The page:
4. Animal Proteins Prohibited From Use in Animal Feeds
The regulation in SEC 589.2000 (21 CFR 589.2000), prohibiting the use of certain animal proteins in ruminant feed, was published on June 5, 1997 (62 FR 30936). It was designed to prevent the establishment and amplification of BSE, through animal food, by prohibiting the use of certain proteins derived from mammalian tissue in the feeding of ruminant animals. This BSE regulation affects renderers, protein blenders, commercial animal food manufacturers, distributors (including retailers), transporters of animal food and ingredients, on-farm animal food mixers, and ruminant feeders.
On December 7, 2000, the USDA/Animal and Plant Health Inspection Service (USDA/APHIS) enacted regulations prohibiting the importation into the United States of all meat and bone meal (MBM), meat meal, bone meal, blood meal, tankage, offal, tallow, or any product containing such, which originated directly from countries identified as having BSE, or from countries having inadequate systems in place to prevent BSE (9 CFR 94.18 and 95.4). The prohibitions include all rendered products of animal origin including poultry meal and fishmeal that are processed in these countries, regardless of species of origin, unless the material is from a non-ruminant species and meets certain conditions assuring no contamination with ruminant material. These prohibitions were deemed necessary by APHIS because of the possibility of cross contamination with the BSE agent. Subsequently, on January 20, 2001, FDA issued Import Alert #99-25, "Detention Without Physical Examination of Animal Feed, Animal Feed Ingredients and Other Products for Animal Use Consisting or Containing Ingredients of Animal Origin" (Ref. 5).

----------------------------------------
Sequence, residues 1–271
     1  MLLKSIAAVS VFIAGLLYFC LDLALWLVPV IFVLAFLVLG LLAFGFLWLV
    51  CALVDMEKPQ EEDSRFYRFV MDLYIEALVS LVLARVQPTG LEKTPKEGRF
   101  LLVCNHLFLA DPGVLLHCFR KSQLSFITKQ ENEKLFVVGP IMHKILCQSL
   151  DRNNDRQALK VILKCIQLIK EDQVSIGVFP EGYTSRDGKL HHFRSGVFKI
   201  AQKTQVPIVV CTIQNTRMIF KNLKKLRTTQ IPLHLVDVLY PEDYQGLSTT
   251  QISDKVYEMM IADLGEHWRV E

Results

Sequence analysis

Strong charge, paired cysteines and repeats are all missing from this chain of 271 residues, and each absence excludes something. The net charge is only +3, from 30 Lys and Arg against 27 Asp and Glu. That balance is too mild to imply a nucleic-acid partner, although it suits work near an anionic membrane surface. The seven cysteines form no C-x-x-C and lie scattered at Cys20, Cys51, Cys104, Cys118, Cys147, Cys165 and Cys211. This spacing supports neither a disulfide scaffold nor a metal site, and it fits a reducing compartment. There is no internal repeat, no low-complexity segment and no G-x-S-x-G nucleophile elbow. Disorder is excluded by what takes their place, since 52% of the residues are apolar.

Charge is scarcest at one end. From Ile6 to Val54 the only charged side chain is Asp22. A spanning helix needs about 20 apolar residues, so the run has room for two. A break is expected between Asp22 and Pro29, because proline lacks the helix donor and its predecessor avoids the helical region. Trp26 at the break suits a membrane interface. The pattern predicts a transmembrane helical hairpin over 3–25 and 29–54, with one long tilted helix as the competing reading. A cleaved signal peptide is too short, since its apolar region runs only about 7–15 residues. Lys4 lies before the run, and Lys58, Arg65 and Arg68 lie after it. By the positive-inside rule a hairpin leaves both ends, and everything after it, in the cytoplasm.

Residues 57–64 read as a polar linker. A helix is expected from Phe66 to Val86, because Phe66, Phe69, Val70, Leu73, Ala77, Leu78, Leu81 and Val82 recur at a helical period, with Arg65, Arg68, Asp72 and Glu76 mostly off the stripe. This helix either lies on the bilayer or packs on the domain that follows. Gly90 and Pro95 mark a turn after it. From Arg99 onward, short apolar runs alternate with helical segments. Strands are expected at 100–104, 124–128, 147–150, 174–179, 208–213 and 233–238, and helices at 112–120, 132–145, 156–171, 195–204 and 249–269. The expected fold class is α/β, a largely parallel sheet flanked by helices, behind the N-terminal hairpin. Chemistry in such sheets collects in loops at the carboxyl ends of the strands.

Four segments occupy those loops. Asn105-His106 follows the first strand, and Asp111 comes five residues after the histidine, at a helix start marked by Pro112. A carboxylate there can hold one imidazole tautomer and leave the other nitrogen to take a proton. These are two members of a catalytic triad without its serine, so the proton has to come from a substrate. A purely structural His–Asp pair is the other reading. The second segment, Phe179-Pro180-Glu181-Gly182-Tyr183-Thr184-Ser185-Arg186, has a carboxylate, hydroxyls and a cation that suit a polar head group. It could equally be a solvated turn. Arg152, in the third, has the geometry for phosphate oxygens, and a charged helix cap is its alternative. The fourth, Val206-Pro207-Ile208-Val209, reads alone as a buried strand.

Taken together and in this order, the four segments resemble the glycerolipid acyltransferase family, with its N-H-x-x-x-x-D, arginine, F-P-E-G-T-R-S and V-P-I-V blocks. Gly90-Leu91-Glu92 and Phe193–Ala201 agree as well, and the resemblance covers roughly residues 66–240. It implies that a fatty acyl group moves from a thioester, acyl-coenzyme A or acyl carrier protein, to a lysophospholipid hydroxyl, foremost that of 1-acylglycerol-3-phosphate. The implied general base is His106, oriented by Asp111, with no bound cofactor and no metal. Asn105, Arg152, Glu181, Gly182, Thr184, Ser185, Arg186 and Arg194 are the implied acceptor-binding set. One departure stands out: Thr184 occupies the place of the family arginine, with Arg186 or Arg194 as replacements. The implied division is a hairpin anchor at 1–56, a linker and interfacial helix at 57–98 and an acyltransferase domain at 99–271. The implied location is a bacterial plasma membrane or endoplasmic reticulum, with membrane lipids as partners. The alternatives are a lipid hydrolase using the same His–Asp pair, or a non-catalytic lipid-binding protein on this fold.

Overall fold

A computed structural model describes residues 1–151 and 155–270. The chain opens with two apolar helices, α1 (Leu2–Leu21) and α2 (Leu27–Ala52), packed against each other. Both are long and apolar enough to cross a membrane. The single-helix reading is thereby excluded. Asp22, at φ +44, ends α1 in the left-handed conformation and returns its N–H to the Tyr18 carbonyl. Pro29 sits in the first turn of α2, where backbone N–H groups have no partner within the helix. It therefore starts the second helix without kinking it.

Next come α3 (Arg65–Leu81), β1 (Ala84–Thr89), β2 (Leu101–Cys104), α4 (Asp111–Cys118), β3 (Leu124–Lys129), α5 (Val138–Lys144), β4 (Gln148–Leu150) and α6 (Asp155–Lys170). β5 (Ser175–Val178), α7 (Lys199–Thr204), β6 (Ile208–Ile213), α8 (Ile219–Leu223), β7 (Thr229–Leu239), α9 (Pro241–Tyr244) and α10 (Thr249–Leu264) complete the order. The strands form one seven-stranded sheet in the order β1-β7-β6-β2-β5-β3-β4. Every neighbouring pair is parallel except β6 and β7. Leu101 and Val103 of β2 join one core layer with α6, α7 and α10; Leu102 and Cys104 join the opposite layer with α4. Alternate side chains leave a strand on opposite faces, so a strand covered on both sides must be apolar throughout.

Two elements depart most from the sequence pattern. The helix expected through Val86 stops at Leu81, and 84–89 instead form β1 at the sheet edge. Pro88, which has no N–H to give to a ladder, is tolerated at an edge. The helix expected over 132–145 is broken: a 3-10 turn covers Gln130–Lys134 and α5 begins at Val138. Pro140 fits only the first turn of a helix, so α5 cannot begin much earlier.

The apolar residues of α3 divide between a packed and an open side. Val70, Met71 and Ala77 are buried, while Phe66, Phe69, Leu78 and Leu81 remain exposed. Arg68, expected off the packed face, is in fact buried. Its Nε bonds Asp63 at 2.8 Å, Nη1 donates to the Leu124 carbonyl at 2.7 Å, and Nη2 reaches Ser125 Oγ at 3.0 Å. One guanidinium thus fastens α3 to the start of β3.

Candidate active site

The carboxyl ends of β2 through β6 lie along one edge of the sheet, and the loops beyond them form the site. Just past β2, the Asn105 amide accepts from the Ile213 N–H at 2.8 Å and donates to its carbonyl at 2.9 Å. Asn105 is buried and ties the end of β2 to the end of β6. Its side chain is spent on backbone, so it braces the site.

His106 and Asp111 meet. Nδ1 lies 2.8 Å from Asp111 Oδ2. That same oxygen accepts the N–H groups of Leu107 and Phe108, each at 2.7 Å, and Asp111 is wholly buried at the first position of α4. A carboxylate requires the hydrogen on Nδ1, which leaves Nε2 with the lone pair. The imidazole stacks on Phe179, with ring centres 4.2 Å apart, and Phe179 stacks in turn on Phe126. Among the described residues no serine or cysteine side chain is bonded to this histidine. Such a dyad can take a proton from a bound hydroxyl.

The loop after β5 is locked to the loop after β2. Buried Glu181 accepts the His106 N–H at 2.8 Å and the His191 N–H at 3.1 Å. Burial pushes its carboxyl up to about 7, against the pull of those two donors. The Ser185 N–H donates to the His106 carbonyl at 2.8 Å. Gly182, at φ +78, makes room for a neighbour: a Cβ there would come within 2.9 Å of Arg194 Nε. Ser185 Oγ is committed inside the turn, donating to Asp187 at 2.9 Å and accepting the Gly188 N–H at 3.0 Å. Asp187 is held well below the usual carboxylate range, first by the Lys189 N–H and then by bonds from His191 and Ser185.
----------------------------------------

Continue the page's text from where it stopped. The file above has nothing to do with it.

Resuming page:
On April 25, 2008, FDA published a final rule in the Federal Register , amending the BSE regulations to prohibit the use of certain cattle origin material in the food or feed of all animals (73 FR 22720). This final rule established new regulations entitled "Cattle Materials Prohibited in Animal Food or Feed to Prevent the Transmission of Bovine Spongiform Encephalopathy". The new regulation, SEC 589.2001 (21 CFR 589.2001), prohibits the use of certain cattle materials in the feed of all animals and is aimed primarily at rendering operations. This new rule also amended the BSE regulation in 21 CFR 589.2000.
FDA assesses compliance of the BSE regulations through the Agency's BSE/Ruminant Feed Ban Inspection Program (7371.009) (Ref. 6). This program is designed to assess an animal food facility's operational practices and procedures in preventing the spread of BSE through inspectional observations and sampling.
5. Medicated Feeds CGMP
Section 501(a)(2)(B) of the FD&C Act (21 U.S.C. 351(a)(2)(B)) provides that a drug (including a drug contained in a medicated feed) shall be deemed to be adulterated if the methods used in, or the facilities or controls used for, its manufacture, processing, packing, or holding do not conform to or are not operated or administered in conformity with current good manufacturing practice to assure that such drug meets the requirement of the FD&C Act as to safety, and has the identity and strength, and meets the quality and purity characteristics, which it purports or is represented to possess.